Ask entrepreneurs about their business and they will refer to their company as their “baby.” Why? Because they are emotionally invested in it; they care about it, they are passionate about it, and want it to grow up and be successful. The ties between an owner and a company can be similar to parenthood. While many of our mothers and grandmothers were primarily caretakers, more women today are at the helm of companies or even launching their own business. Whether or not we have a lot of professional experience in our past, motherhood prepares women for being great business leaders.
I often get asked – “How do you juggle it all?” How can you train for a marathon, run a business and get your kids to school on time, put food on the dinner table (albeit healthy food!) and still manage to find time for some afternoon yoga? The short answer is that I follow two important rules: 1) I try to get 7-8 hours of sleep per night and 2) I make several lists and prioritize tasks. While others marvel at the talent of accomplishing a lot, I have several friends and peers that in their own way also seem to “juggle it all,” and most of them are mothers. Mothers have a special bond and understanding in that we are capable of squeezing in a workout, feeding a family, preparing lunches for kids, finding missing shin guards, taking a business call and getting kids off to school all before 8am. This is “a normal” for us. It’s these same characteristics that also help us be great businesswomen. Below are a few lessons that motherhood has taught me (and many women), which we apply to our role as business leaders on a daily basis:
In raising children, we deal with disagreements and discipline everyday. We break-up fights, we teach our kids to respect, love and hug and tell them that they are the only brothers (or sisters) that they will ever have in their lives. So do this as a team. Find strengths amongst the corporate team, have everyone focus on what they do best and encourage teamwork as much as possible.
Our children teach us patience. From waiting out the 9 months of pregnancy to taking the extra minutes to wait for your 4-year old to tie his shoe (because that’s what’s important), it’s the same lesson of patience we follow for when it comes to training and teaching new team members. Can we do it better? Likely yes, but if you let others practice and continue to teach them, they soon will be almost as good as you (and might even teach you a thing or to) at their new task. I think of sports and skiing, slowly following my son down the mountain on his second day out and then one year later, he’s beginning to call me a “slow poke.” Before I know it, he’ll be flying by be on the mogul runs. In business, I have team members that can run social media circles around me and/or organize spreadsheets more effectively because of the initial building blocks I established for them.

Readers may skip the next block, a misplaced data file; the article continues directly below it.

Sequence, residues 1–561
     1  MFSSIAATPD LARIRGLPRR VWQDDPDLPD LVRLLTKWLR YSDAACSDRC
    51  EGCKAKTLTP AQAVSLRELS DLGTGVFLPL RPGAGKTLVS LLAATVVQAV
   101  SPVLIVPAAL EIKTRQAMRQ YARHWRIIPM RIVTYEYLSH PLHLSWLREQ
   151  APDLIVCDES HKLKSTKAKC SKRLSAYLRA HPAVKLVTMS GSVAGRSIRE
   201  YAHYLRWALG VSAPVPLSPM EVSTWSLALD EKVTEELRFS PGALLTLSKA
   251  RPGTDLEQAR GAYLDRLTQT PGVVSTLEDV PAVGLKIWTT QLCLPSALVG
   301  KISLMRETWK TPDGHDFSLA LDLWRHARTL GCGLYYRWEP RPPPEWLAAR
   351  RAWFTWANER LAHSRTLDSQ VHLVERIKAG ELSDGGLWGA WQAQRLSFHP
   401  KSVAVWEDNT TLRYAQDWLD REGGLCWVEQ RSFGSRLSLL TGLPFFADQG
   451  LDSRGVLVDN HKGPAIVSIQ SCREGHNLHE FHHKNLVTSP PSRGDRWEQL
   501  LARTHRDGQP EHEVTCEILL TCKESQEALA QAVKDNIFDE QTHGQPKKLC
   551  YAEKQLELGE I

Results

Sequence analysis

Face to Face Interaction:
My husband once had a disagreement with a business associate and the business associate ignored him, wouldn’t take his calls and would even go out of his way to ignore him. Our 7 year old said to my husband, “Why aren’t you friends with him anymore?” My husband replied, “Well, because he doesn’t like papa anymore.” My son said, “Well, that’s kind of sad. Why don’t you go over to his house and ask him if he wants to be your friend again?” My son didn’t ask my husband to text message John, rather he asked him to go to his house and meet him in person. Face to face conversations is what young kids know before they are exposed to too much technology. At the end of the day, the best relationships and the best conversations happen “live,” face to face, eye to eye. Relationships are very important. Invest time into people and getting to know them. Don’t make it all about you. Relationships are the most important and part of success and happiness and good business. A disagreement is not resolved over email, rather, in person or via phone if geography is a challenge.